LEE GARDNER: It's interesting to hear you say concrete action plan. Because one criticism I sometimes here of strategic plans for colleges is that they're actually more like wish lists. They're giant lists of things that you hope will happen somehow. What specific steps are you taking to try to make this much more something with concrete goals and concrete steps to take?
KWANG-WU KIM: Well, the current-- if I can use this word-- instructions for people who are now in the process of being able to write and conceptualize-- is that every objective has to attach to it a timeline, some estimate of necessary resources, and a statement of who's responsible, so that we begin to really build into each statement enough specifics that we can develop some sort of action plan.
And the way I've tried to help our community not be overly burdened or alarmed by this process is to really reassure everyone that we understand that this is going to have to be revisited on an ongoing basis. It's not finished, done-- now we can go back to life as usual. And I've also led by saying that a critical part of how I am evaluated as the president is our consistent ability to deliver on the plan.
I wanted the community to understand I take primary responsibility. That seems to have helped people-- that it's not a situation in which the president's going to be pointing at everybody else. But that really, I see myself as personally responsible. I don't see any other way to really get a community to pull together around this very complex planning process. And this is new for Columbia. We don't really have an ongoing culture of developing these sorts of detail plans.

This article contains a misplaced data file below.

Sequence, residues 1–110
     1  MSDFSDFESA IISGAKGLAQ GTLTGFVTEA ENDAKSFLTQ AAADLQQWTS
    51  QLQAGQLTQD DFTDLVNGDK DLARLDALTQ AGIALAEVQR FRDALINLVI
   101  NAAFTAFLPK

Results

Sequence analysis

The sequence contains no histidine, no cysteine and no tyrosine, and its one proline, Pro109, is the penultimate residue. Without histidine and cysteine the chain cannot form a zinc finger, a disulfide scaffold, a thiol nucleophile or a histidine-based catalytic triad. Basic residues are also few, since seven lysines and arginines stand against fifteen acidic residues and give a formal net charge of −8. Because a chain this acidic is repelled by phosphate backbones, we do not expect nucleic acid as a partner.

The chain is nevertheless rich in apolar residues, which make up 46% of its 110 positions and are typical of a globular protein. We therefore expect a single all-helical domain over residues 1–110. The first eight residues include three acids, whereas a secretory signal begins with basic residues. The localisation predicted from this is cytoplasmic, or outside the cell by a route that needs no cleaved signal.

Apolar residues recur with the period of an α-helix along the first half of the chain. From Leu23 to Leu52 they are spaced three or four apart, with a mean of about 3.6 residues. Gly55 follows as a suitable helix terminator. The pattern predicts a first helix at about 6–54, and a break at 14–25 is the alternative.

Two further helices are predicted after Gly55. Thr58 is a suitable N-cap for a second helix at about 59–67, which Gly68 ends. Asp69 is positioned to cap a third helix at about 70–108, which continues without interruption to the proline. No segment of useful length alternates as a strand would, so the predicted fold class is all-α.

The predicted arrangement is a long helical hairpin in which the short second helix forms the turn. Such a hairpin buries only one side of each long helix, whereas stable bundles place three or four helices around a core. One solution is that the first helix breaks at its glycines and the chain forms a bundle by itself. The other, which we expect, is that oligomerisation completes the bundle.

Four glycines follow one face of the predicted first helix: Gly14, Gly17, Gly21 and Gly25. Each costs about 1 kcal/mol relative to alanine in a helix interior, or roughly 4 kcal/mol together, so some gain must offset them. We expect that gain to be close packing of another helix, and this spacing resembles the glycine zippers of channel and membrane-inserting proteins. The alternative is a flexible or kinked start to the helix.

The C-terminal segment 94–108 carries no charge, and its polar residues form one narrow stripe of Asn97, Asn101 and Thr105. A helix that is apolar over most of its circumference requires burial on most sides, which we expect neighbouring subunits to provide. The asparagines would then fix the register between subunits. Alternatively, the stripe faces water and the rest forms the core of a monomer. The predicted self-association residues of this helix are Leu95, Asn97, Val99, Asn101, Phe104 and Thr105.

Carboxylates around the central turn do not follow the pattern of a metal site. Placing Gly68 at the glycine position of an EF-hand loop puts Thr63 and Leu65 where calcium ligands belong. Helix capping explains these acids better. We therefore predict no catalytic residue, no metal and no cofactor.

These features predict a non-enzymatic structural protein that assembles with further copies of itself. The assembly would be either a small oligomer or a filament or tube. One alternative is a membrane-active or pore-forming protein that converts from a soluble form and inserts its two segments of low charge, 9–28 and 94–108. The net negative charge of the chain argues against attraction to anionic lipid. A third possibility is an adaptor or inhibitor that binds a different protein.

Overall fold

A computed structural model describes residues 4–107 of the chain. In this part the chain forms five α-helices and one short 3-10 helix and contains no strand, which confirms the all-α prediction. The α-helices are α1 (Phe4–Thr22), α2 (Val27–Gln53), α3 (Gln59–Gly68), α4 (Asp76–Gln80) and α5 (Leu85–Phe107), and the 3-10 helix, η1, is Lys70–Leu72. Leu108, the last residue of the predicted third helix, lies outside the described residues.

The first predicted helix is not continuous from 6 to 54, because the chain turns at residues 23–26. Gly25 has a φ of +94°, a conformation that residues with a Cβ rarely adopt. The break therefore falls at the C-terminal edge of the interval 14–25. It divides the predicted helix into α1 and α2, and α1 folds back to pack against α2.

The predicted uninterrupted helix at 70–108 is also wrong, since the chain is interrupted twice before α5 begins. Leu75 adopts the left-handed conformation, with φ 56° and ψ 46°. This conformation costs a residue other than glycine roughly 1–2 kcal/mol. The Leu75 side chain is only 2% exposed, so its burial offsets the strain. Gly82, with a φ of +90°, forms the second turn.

LEE GARDNER: Being a college president these days seems to me to be as much a performative role, in some ways, as an administrative one. And I was curious how your own background as a concert pianist-- has that given you any insight in performing as a president?
KWANG-WU KIM: I think it's a huge advantage. I am, in some ways-- I have probably several primary comfort zones as a human being, and one of them is on stage in front of people. So the pressure to be ready to speak about my institution kind of at a moment's notice is really natural to me.
The other thing is that what you learn as a performer is, of course, to gauge the feedback of your audience. That's very helpful, too. Because I hope-- I don't know if it's true or not-- but I hope it's true that it doesn't feel to people, when I'm speaking, that I'm talking at them. Because I was never really a lecturer, and I really see it as kind of an interaction.
And then, the ability to kind of-- I don't mean this to be glib, but to make it up. Because as a performer, you're constantly facing bizarre, weird challenges, but you still have to do what you were supposed to do. That's very true about being a college presidents. So that's very helpful to me that it takes an awful lot to phase me. And I think that's helpful.
LEE GARDNER: Sounds like it. Well, thank you for being here.
KWANG-WU KIM: Thank you very much, Lee.